2.3.2. Price Earnings (PE) Growth

PE ratios are one of the most used ratios by financial analysts when selecting cheap value stocks relative to EPS. They may be regarded as forward-looking or backward-looking PEs. Forward-looking PEs are estimated on the basis of expected EPS (usually for the next four quarters) and trailing PEs on the basis of observed EPS (usually the last four quarters) [53]. It is a very useful indicator of how the stock market assesses the company by relating the earnings per share to the market price of the shares [32]. It is the ratio of the current stock price to prior year’s earnings per share [54], usually 5-10 years, and is calculated by dividing the market value of shares by the EPS.

2.3.3. Dividend Yield Ratio Growth

A firm has to decide whether to plough back profits as retained earnings or pay put earnings to its shareholders. If the decision is to pay out earnings to shareholders, the payments can either be made in the form of dividends or capital gains through stock repurchases. Dividends can be paid as regular or special cash dividends. Stock repurchases, on the other hand, can be made directly from the market, through a tender offer to shareholders or by negotiating privately with a group of shareholders. In practice, however, shareholders are paid through regular cash dividends. Large dividend payments results in low retained earnings opening the firm to possible heavy external financing for future investments. Small dividend payments are compensated by retained earnings and with it a possibility of low external financing for future investment. Dividends are said to have a signalling effect in that they are paid when the firm is positive about its future financial performance.

The dividend yield ratio measures the real rate of return by comparing the dividend paid to the market price of a share [34]. It is calculated by dividing cash dividends paid by a business over the most recent 12 months (called the trailing 12 months) by the current market price per share of the stock [54].

There is a strong correlation between EPS and dividend yield ratio. EPS growth directly results in dividend yield growth and the reverse is true for a decline. It is important to note that companies compensate their investors by paying out dividends or growing the value of the stock (capital gains). High dividend-yield stocks, therefore, are not necessarily better investments options than low-yield stocks since low dividends can offer greater prospects for capital gains [34]. Whatever the size of the dividends, they put immediate cash into the hands of shareholders and are paid where the firm feels it has more cash than its future investments demand.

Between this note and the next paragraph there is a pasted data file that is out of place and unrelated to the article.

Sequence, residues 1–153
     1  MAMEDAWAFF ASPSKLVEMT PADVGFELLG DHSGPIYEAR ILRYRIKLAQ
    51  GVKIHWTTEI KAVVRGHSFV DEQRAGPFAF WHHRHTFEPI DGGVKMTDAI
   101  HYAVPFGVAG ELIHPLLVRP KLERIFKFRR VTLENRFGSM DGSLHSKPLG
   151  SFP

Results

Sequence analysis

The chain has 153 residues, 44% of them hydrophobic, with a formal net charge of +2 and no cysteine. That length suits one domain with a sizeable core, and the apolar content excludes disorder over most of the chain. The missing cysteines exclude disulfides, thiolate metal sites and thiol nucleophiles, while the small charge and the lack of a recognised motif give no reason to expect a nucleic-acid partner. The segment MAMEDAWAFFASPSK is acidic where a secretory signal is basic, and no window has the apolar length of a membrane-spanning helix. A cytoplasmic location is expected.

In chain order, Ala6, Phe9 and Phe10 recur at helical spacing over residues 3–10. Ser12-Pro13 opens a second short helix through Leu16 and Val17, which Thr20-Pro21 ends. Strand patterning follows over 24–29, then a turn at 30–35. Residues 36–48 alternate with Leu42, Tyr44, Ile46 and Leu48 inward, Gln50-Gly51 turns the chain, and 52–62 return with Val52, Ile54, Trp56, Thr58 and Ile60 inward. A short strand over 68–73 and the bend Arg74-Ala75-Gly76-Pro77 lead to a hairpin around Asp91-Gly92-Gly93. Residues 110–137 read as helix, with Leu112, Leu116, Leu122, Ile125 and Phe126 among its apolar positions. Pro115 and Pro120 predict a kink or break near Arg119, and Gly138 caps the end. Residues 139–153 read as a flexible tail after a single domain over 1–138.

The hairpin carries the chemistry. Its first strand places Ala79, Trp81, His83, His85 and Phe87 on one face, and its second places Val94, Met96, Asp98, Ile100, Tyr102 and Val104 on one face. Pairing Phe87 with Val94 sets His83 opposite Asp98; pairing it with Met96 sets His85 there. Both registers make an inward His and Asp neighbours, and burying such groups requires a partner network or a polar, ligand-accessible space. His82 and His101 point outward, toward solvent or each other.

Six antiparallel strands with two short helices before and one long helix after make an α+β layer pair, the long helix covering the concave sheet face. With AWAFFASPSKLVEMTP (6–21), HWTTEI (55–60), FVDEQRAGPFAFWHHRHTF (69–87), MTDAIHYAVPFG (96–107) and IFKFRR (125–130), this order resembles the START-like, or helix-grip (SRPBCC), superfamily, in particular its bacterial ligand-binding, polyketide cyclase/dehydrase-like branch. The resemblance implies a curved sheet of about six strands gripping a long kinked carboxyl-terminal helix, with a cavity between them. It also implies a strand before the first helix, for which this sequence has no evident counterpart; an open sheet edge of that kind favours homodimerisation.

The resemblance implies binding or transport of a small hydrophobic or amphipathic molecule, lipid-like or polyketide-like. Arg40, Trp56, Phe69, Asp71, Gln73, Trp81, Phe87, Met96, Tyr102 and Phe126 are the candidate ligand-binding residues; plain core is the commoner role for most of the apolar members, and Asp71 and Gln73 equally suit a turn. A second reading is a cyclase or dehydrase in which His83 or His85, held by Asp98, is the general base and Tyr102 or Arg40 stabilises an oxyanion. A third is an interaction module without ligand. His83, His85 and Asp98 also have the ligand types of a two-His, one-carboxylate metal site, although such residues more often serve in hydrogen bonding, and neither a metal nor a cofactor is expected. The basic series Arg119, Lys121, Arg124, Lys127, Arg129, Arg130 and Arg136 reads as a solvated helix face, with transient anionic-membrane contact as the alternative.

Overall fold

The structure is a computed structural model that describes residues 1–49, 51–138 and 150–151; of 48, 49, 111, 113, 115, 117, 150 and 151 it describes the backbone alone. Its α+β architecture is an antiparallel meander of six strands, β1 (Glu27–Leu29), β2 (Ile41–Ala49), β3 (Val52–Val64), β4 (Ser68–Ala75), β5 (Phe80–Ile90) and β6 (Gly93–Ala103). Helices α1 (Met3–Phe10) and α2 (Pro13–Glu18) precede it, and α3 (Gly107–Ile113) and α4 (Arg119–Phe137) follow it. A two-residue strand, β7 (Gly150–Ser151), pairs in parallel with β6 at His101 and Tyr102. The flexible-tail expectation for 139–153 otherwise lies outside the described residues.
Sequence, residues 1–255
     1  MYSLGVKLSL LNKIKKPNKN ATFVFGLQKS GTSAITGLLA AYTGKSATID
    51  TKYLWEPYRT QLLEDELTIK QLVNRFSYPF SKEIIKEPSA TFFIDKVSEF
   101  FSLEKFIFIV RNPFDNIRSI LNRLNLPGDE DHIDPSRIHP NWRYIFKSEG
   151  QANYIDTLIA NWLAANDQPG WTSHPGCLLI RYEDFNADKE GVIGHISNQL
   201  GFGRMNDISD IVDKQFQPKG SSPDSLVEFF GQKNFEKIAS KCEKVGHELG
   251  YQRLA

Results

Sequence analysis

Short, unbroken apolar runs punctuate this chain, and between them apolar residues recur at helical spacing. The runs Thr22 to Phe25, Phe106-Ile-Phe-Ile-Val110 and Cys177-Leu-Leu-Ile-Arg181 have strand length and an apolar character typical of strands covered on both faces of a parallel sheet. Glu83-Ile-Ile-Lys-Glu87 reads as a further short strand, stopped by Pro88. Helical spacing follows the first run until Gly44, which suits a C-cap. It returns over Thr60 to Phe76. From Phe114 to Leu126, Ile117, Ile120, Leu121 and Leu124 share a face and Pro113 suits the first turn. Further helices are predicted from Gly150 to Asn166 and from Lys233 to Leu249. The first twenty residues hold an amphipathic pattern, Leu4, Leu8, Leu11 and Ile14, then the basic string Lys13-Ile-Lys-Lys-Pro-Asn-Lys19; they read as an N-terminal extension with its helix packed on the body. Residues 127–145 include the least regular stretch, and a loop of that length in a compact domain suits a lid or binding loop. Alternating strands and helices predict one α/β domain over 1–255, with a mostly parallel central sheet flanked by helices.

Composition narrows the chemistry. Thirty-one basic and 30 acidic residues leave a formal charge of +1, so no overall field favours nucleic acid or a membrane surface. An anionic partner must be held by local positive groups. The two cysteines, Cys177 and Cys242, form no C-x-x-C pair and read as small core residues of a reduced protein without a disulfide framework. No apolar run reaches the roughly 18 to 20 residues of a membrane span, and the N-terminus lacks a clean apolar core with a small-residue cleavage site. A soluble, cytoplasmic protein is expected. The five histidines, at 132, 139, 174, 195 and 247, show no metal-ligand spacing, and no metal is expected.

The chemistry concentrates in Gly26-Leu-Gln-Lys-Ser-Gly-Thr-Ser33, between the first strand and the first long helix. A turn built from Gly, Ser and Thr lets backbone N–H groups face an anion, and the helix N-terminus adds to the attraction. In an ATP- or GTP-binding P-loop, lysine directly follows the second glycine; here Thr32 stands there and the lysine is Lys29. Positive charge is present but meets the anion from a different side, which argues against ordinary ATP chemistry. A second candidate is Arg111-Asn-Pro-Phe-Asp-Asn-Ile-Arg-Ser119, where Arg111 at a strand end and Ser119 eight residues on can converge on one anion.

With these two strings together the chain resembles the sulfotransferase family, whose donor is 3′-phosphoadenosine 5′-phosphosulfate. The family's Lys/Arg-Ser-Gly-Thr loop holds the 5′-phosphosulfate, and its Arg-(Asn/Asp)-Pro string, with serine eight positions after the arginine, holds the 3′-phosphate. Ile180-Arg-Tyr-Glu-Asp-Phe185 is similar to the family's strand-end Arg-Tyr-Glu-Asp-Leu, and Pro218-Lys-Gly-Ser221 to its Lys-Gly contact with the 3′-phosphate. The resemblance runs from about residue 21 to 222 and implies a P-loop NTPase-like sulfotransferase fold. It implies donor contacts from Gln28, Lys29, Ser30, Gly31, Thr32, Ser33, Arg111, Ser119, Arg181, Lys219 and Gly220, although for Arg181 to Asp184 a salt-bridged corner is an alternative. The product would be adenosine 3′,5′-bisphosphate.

3. Research Methodology

The research was designed to gather both qualitative and quantitative data. It was descriptive in nature. A sample of 70 drawn from a population of 140 participated in the research study. This sample was selected through stratified sampling and a random sample collected from each stratum. From the sample of 70, only 60 responses were received. The variables for the study were rated on a scale of 1-5, with 5 being the highest score. A mean was used as a measure of central tendency and a standard deviation computed to find the deviation from the mean.

4. Analysis of Data

This chapter presents the research findings in statistical terms. It gives an analysis and interpretation of the data gathered to inform the study.

4.1. Research Question 1

What business strategies do hotels employ to achieve shareholder value growth?

4.1.1. Financial Strategies

The descriptive statistics and ANOVA for financial strategies are as follows (see Table 3 and Table 4).

Table 3. Descriptive Statistics on Financial Strategies Employed